Using GPIO on an industrial mini PC#

What’s an industrial mini PC#

Mini PCs

There are many industrial mini PCs on the market. Their common features are:

  • Rugged design:

    • metal (aluminum) case.

    • no fan and no vents.

  • Reliable hardware:

    • x86 CPU.

    • SSD.

  • Assortment of ports:

    • COM

    • VGA

    • GPIO

    • HDMI

    • USB

    • PS/2

    • LAN

  • Built-in WiFi

The fanless design makes them a good candidate for dusty environments. The common problem with them is the lack of documentation and support forums.

I had a chance to work with this model: Kingdel mini PC (paid link). It has an Intel CPU, Samsung SSD, and an array of GPIO ports.

Accessing GPIO on Linux#

My OS of choice is Ubuntu 22.04, but the experience is similar for most Linux distributions.

At first, it wasn’t clear how to use the GPIO ports, as most of the online GPIO documentation targets System-on-Chips (SoC) such as Arduino and Raspberry Pi.

Modern Linux exposes GPIO through a Kernel driver that mounts /dev/gpiochip[n] character devices. The recommended utility to interact with it is gpiod. It provides a set of CLI to enumerate, read, and write GPIO values.

In my case, there were no files starting with /dev/gpio* directory. Which meant that the Linux Kernel hadn’t loaded the driver for my hardware.

Unlike SoC, mini PCs don’t integrate GPIO pins directly to the CPU. Instead, they’re using Super I/O chips.

BIOS must provide access to GPIO. Mine is “American Megatrends Version 2.18.1263. The Advanced tab has a menu called “SIO MISC Configuration” with the description “WDT, CASE OPEN, GPIO, DEBUG…” Inside it, I had access to the Watch Dog Timer, 2 COM port modes (RS232, RS485, and RS422), and 8 GPIO settings. Each pin is named GPIO[n], where n is between 0 and 7. The Mode can be set in Input or Output. When set to Output, you can set Output value to either Low or High. Note that changes to GPIO pin states are not real-time, and you need to Save and Exit for the changes to reflect. Through several reboot cycles, I mapped all GPIO pins to their function.

 1   2   3   4   5   6   7
3V3  7   6   5   4  GND GND
3V3  3   2   1   0  12V  5V
 1   2   3   4   5   6   7

In the diagram above, pins are numbered left-to-right as they appear on the back side of the mini PC. The top row has a 3.3V output, 4 GPIO pins, and two ground pins. The bottom row has a 3.3V output, 4 GPIO pins, 12V and 5V outputs.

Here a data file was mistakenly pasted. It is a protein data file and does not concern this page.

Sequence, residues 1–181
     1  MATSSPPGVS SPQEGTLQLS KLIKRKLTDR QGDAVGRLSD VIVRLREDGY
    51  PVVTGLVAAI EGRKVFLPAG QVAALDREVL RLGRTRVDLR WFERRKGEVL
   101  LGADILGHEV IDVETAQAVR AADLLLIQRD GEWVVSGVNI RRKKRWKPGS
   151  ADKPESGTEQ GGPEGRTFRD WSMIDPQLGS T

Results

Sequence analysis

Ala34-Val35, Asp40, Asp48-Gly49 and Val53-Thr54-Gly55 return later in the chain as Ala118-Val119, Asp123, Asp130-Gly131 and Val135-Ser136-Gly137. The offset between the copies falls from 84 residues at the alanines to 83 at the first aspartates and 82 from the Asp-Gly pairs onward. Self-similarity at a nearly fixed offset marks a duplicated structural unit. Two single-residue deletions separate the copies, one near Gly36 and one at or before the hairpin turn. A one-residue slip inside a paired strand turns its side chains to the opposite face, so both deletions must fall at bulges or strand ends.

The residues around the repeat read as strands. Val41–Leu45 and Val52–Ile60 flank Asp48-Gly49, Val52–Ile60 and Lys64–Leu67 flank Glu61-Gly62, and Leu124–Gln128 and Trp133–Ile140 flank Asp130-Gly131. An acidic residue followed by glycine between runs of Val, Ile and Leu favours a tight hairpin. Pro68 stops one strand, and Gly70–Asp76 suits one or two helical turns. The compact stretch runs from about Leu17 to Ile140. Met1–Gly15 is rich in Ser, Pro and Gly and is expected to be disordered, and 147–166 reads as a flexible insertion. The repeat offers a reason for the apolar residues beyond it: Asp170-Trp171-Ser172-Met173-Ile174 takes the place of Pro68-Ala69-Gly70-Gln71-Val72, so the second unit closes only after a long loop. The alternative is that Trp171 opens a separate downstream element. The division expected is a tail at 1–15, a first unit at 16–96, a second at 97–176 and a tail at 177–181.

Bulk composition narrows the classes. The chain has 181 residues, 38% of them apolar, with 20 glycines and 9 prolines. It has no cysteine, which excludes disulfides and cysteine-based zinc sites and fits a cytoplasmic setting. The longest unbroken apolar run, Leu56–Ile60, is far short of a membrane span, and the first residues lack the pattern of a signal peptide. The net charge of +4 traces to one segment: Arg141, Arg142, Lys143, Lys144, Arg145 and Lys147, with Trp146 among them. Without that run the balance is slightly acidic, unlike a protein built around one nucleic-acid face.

BIOS doesn’t say which SIO chip is used. There are many Super I/O chips, and figuring out which one you have could be problematic. In my case, I had to open the casing and read the markings on the big square chip sitting next to the GPIO pins. It said “iTE IT8786E-I”.

Searching through Linux Kernel git repo, I found mentions of the drivers for this chip:

  1. gpio-it78.c

     *  GPIO interface for IT87xx Super I/O chips
     *  Author: Diego Elio Pettenò <>
     *  Copyright (c) 2017 Google, Inc.
     *  Based on it87_wdt.c     by Oliver Schuster
     *           gpio-it8761e.c by Denis Turischev
     *           gpio-stmpe.c   by Rabin Vincent
  2. Makefile

    obj-$(CONFIG_GPIO_IT87)                      += gpio-it87.o
  3. Kconfig snippet:

    config GPIO_IT87
            tristate "IT87xx GPIO support"
              Say yes here to support GPIO functionality of IT87xx Super I/O chips.
              This driver is tested with ITE IT8728 and IT8732 Super I/O chips, and
              supports the IT8761E, IT8613, IT8620E, and IT8628E Super I/O chips as
              To compile this driver as a module, choose M here: the module will
              be called gpio_it87.
  4. Kernel config shipped with Ubuntu 22.04 for Linux 5.15:

    $ grep CONFIG_GPIO_IT87 /boot/config-5.15.0-83-generic

    The letter m means that the module is not enabled by default.

Enabling the driver is done with the command:

sudo modprobe gpio_it87

To make the change permanent, run:

sudo echo gpio_it87 >> /etc/modules

I then discovered that Input/Output mode can be set only through BIOS, and the root user is required to set/get GPIO values. The biggest gotcha was that pin numbers in gpiolib do not match pin numbers in BIOS.

I connected each pin to an LED on a breadboard and used the following script to discover their numbers:

for i in $(seq 0 63)
    echo -n "$i on "
    sudo gpioset 0 "$i=1"
    sleep 1
    echo off
    sudo gpioset 0 "$i=0"

The script iterates through all pins on chipset 0 and puts them into High for 1 second. (Before running the script, I assigned all GPIO pins to Output mode in the BIOS settings).

Here are the line numbers for use in gpioset and gpioget commands:

 1   2   3   4   5   6   7
     28  11  2   0         
     23  22  34  33        
 1   2   3   4   5   6   7

I rebooted to change pin modes to Input in BIOS and tried to get their values.

Surprisingly, all pins returned High value when nothing was attached to it. Even if I supplied a pull-down option

$ sudo gpioget -B pull-down 0 0

The solution was to add an external pull-down resistor. I tried 1K, 10K, and 100K. Only 1K resistor worked, driving the voltage on the input pin from 3.3V down to 0.3V, which is considered Low.